• Team members must talk as freely and regularly as possible within the team (i.e., dailies). Actually take measures that this is not optional. For example, in a daily standup meeting, every member must speak in turn. In a retrospective (if you do something like this), there must be occasions where a moderator specifically asks everybody in turn to say something.
  • If you need to have team members talking with stakeholders (say, to clear up requirements if the product owner cannot do it themselves for whatever reason), then unless the team member is experienced and strong, the product owner should be there as well. The result of such talks should always be documentation in your task tracking system for future sprints, not re-ordering of tasks, especially not adding tasks to the running sprint.
  • It doesn't matter that much if you view product owners as part of the team or not; the important thing is that they are the only interface to the outside world.
  • If two teams need to collaborate, this goes primarily through their respective product owners. Think about it like the product owners discussing an interface contract. This obviously can be much improved later one (with processes like Scrum of Scrums, SaFE, LESS, or whatever else you can think off).

If at all possible, add a coach who is not related to the development team, and certainly not part of the stakeholders (i.e., a "SCRUM master" or "agile coach"). Even if it sounds trite, a good one can really make a big difference. Their task is to keep the individual meetings etc. flowing, reminding everyone of what they must, must not, can, should do, keep things in a timely manner, moderate, coach everyone on the process, etc. It's a totally different skillset than developers or stakeholders usually have. Having an external one isn't the worst idea either so they are not bound by obligations to anybody.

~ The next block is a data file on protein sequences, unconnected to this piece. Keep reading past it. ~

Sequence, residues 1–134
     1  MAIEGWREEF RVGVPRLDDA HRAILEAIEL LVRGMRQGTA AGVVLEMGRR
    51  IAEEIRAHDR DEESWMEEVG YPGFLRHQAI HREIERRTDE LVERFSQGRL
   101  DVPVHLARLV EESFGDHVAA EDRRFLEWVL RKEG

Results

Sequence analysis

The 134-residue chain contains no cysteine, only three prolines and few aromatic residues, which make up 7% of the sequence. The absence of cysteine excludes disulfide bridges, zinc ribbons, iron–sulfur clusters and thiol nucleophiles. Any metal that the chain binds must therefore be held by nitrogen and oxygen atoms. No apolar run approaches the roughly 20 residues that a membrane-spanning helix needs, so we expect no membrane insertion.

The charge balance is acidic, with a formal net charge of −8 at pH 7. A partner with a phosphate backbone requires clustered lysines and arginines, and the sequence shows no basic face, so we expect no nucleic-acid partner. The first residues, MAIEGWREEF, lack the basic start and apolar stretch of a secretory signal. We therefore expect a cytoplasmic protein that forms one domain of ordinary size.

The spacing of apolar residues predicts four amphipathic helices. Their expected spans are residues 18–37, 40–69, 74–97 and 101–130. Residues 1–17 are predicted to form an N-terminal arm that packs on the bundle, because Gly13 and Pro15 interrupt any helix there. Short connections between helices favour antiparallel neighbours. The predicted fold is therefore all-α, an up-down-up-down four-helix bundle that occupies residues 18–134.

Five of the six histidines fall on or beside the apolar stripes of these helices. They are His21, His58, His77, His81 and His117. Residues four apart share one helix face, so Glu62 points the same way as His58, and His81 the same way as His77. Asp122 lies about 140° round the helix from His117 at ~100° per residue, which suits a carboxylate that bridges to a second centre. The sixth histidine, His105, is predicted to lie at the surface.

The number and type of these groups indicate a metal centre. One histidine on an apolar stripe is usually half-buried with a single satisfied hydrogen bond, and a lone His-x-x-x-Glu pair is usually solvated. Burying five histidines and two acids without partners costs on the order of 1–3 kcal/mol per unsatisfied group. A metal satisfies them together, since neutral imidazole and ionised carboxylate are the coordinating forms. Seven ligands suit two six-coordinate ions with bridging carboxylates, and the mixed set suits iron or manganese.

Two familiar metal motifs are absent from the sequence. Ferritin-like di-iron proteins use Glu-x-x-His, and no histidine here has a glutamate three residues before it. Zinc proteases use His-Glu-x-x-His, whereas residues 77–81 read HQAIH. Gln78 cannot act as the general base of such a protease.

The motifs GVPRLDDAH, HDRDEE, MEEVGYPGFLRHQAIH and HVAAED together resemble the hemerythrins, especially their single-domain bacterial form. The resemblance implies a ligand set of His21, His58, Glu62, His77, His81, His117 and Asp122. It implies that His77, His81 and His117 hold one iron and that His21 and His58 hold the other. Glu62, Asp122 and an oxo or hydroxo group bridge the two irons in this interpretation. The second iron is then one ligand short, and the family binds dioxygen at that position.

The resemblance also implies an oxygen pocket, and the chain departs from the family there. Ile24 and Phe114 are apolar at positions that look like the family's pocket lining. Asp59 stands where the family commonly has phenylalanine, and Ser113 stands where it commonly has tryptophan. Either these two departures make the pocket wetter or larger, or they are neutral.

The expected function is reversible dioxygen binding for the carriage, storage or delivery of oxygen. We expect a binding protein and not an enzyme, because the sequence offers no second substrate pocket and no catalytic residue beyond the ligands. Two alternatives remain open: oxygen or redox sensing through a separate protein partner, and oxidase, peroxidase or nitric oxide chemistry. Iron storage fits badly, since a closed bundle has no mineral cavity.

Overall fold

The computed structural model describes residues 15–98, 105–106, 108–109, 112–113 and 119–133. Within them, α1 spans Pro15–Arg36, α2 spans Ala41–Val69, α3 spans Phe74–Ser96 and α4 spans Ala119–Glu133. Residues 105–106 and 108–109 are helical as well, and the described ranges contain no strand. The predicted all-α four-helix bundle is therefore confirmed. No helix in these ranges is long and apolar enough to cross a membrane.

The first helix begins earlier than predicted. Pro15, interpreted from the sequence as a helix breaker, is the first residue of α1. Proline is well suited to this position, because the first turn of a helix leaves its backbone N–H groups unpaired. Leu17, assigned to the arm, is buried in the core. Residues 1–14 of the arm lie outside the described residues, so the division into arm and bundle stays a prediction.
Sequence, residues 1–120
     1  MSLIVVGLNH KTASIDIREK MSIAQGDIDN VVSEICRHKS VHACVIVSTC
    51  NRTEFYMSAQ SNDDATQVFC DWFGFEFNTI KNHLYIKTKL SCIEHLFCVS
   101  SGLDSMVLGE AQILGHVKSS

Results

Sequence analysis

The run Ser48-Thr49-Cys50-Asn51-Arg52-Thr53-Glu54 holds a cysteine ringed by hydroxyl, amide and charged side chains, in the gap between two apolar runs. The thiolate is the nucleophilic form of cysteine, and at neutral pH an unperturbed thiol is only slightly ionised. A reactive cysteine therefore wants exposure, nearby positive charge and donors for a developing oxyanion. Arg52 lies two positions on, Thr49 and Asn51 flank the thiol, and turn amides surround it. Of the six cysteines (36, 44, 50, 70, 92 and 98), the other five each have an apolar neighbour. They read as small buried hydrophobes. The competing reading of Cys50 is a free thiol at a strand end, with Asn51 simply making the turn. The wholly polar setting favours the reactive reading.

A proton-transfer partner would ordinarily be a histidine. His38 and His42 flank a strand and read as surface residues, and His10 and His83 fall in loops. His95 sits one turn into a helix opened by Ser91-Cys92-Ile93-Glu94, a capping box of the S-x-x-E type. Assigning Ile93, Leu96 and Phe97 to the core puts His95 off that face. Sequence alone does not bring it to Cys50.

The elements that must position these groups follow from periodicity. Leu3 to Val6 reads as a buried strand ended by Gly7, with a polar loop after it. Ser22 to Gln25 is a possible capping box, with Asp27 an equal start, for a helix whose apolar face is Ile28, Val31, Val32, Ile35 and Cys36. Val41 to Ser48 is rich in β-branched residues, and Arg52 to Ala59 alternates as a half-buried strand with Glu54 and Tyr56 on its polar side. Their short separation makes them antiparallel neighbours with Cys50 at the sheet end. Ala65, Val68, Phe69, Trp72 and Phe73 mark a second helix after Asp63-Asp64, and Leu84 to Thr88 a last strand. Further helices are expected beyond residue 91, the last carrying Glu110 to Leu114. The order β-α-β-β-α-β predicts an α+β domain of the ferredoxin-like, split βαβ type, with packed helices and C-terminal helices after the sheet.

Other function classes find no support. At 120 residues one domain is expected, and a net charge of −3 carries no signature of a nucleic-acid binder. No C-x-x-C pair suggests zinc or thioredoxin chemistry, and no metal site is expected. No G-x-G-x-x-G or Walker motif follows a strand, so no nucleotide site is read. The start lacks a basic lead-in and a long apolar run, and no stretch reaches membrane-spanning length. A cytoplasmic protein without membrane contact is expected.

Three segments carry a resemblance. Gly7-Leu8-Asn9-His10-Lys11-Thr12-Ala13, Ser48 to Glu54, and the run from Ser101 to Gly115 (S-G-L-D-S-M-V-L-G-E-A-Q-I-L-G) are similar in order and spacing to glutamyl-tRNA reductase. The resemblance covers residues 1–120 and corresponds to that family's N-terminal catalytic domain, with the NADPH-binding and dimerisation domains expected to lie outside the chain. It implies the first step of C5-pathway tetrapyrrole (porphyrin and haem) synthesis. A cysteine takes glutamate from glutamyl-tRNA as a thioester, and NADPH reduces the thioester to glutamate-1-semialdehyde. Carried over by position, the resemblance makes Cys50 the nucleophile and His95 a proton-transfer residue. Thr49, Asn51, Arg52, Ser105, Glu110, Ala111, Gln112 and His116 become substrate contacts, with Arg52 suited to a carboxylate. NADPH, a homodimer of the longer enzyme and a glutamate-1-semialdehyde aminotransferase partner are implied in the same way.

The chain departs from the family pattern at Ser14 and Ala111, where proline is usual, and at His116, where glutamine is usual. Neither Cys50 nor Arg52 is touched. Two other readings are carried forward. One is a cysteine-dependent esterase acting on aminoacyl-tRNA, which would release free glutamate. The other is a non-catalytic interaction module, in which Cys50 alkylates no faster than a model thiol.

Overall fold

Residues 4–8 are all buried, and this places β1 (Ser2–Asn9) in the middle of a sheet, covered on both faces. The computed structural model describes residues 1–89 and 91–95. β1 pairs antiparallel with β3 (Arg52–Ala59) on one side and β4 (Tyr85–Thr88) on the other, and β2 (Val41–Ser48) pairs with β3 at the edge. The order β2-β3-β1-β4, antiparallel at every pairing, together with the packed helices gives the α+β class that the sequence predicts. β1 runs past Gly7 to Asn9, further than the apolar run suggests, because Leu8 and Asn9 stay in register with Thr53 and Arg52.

Again, this sounds just like SCRUM, but do note I'm only describing the directly people-related aspects here. You can of course actually do SCRUM, but even if you do not want to be that strict, the same pretty much works with any other agile system. Note that I do not ask you to do the SCRUM "artifacts" (standup, planning, review, retrospective etc.) - whether you wish to do those exactly like that is up to you, other more free-flowing systems can be the better choice depending on many factors.

Doing all of this (and all the rest needed for agile development, i.e. having a backlog, a good task tracker, getting rid of technical debts, distributing know-how better, eventually doing DevOps, etc. etc.) should eventually take pressure off your team members so they can actually work again. Stuff may get done, and things may noticeably improve so you can enter an upwards spiral.

Finally, onto yourself: I do not envy your task - I have been in your shoes often, in some form or fashion, and your case sounds pretty desperate. Keep strong, this too will pass. But not too strong, or you will break. Do listen to yourself and your body, burnout is not a happy thing to happen, nothing in the world is worth it. Get communication traning for yourself to learn how to work with a shouting boss, whatever you can do to give yourself personally the tools you need to get through this. Learn how to recognize things you are not responsible for, and mercilessly get rid of them (learn the RACI principle by heart).